- What is Möebius Syndrome?
- Why was my child born with Möebius Syndrome?
- What problems is my child likely to have?
- Can these lead to other problems as my child develops?
- Can Möebius Syndrome be cured?
- How are problems associated with Möebius Syndrome corrected?
- Will Möebius Syndrome affect my child's intellectual deveoplment?
- How will Möebius Syndrome affect my child's social and educational development?
What is Möebius Syndrome?
Möebius syndrome begins early in the development of the nervous system. Children are often unable to move the muscles of the face because of damage to nerves that control those muscles. Several nerves may be affected, and a variety of problems may occur. Children with Möebius syndrome usually have swallowing problems, crossed eyes, and full or partial paralysis of their facial muscles. Sometimes there are other problems, such as a cleft palate, hearing loss, and abnormalities of the chest and limbs.
Why was my child born with Möbius syndrome?
Some doctors believe the problem arises when certain nerves in the head and neck do not develop properly; others believe that the nerves begin to develop but are damaged before birth. Still others believe that this rare disorder is related to the development of blood vessels.
What problems is my child likely to have?
Children with Möebius syndrome may have trouble breathing, eating, and staying healthy during their first few months, or even years, of life. They are unable to move the muscles of facial expression. Some have difficulty swallowing and may choke while feeding.
Children with Möebius syndrome have a weakness or paralysis of their facial muscles; it may be unilateral (one side) or bilateral (both sides). Depending on which branches of the facial nerves are damaged, they may be unable to smile, close their eyes, pucker their lips, or wrinkle their forehead. This can prevent them from using facial expressions to show what they are feeling. As a result, people who are unfamiliar with your child may misinterpret what your child is thinking or feeling.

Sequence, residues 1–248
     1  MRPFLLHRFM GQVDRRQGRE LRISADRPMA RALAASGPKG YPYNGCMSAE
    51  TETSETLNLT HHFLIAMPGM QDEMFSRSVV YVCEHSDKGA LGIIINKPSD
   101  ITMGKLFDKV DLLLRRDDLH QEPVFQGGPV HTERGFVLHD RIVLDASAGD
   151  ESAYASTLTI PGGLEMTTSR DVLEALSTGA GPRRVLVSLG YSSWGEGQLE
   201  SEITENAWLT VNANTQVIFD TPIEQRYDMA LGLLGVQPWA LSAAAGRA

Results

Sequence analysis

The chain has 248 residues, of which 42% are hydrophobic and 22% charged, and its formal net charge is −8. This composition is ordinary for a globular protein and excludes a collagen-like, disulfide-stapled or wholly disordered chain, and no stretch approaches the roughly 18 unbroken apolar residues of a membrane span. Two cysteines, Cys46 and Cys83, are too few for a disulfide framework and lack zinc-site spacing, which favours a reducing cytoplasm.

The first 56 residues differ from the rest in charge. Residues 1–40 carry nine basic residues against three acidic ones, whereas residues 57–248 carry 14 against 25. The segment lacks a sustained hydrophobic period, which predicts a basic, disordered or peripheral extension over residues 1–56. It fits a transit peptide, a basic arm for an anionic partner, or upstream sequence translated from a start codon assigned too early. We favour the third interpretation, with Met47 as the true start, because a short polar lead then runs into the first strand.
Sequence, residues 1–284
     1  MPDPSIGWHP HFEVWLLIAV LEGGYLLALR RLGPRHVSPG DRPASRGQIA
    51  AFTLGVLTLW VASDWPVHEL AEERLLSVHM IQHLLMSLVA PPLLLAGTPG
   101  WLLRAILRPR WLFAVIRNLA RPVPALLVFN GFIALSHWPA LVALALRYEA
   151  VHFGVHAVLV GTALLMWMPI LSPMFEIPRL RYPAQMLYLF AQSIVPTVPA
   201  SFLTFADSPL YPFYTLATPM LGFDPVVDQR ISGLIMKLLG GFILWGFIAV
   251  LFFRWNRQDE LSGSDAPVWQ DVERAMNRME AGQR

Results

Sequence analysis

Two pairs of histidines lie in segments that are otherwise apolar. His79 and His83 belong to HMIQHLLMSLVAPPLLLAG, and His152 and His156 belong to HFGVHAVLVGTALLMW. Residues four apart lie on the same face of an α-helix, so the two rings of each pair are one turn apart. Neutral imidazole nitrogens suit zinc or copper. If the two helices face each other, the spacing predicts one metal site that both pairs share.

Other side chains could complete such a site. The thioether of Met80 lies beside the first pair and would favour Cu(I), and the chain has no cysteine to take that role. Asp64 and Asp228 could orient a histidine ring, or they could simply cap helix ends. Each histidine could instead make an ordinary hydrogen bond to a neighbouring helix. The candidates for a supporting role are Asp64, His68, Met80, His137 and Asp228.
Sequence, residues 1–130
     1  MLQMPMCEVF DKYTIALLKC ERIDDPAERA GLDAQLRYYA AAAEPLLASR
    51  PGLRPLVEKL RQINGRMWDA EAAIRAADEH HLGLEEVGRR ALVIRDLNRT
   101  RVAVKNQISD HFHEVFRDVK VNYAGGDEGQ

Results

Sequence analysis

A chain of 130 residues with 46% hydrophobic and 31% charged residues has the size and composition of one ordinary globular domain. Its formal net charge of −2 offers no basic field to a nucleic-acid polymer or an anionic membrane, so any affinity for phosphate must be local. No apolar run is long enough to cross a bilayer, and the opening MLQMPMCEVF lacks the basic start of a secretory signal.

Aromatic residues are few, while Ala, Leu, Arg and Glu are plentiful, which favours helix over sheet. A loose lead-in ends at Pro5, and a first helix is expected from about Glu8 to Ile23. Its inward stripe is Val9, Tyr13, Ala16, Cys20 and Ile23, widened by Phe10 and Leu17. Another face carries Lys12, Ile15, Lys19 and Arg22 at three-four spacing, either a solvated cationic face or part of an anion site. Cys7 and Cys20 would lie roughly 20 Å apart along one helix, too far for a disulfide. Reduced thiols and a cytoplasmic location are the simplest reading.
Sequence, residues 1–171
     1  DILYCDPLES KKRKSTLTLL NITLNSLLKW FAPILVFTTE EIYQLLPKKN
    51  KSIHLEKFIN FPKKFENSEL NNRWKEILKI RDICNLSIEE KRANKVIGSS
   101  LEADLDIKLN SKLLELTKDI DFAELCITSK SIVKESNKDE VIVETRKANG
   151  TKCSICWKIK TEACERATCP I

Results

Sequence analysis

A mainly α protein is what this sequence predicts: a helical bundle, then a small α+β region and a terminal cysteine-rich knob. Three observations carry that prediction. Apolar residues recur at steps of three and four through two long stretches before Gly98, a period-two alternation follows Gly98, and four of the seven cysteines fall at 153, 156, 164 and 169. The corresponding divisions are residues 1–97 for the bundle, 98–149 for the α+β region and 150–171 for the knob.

Many children with Möebius syndrome are unable to turn their eyes to look sideways, giving them a fixed, staring appearance. This is caused by paralysis of the lateral eye muscles. Strabismus, or crossed eyes, is also common.
About a quarter of children with Möebius syndrome have some type of limb deformity from relatively minor problems, such as a club foot or syndactyly (fused fingers or toes), to missing fingers or toes.
Can these lead to other problems as my child develops?
Yes. Because many of the nerves and muscles involved in swallowing are also used for talking, children with Möebius syndrome are prone to develop speech problems as they get older. Children with the syndrome may have one-sided paralysis of the tongue.
Another concern as your child gets older is dental problems. Because of facial nerve paralysis and difficulty eating, food may collect around the gums and teeth. To prevent tooth decay, it is very important to keep your child's teeth and gums clean by brushing and flossing. Many children require orthodontic braces later in life.
Can Möebius syndrome be cured?
The damage to the sixth and seventh nerves is considered permanent, so Möebius syndrome cannot be cured, in the sense that all its symptoms can be eliminated. But many of the problems associated with the syndrome can be alleviated by surgical procedures. Since each child is different, treatment plans vary according to the individual's needs.
How are problems associated with Möebius syndrome corrected?
Because the problems associated with Möebius syndrome are so diverse, a multidisciplinary team of specialists offers the best approach to your child's medical care. Working in concert, they can develop a treatment plan specifically for your child.
Children with paralysis of the facial muscles can often be helped by an operation called free muscle transplantation, usually performed by a plastic surgeon. In this procedure, a muscle from another part of the body is transferred to the affected area of the face. Then the nerve to the muscle is attached to the nerve for chewing. If the paralysis is on both sides, a nerve graft can be connected across the face to the transferred muscle. This often improves facial appearance and permits some movement of muscles in the lower portion of the face.
Members of your multidisciplinary care team can determine the best way to treat any difficulties with breathing, speech, and hearing.
Will Möebius syndrome affect my child's intellectual development?
The majority of children with Möebius syndrome have normal intelligence. However, about 10 to 15 percent of people with the syndrome have minor mental retardation. Because the condition is so rare and the cause is unclear, it is not known whether retardation results from Möebius syndrome or from other causes. In general, though, low intelligence is not associated with Möebius syndrome.
How will Möebius syndrome affect my child's social and educational development?
Most children with Möebius syndrome have normal intellectual development. But because of facial paralysis, speech problems, and unusual eye movements, other people may misinterpret their expressions of emotion or mistakenly view them as mentally retarded. It is important to meet early on with teachers and school officials to ensure that your child's special needs are met
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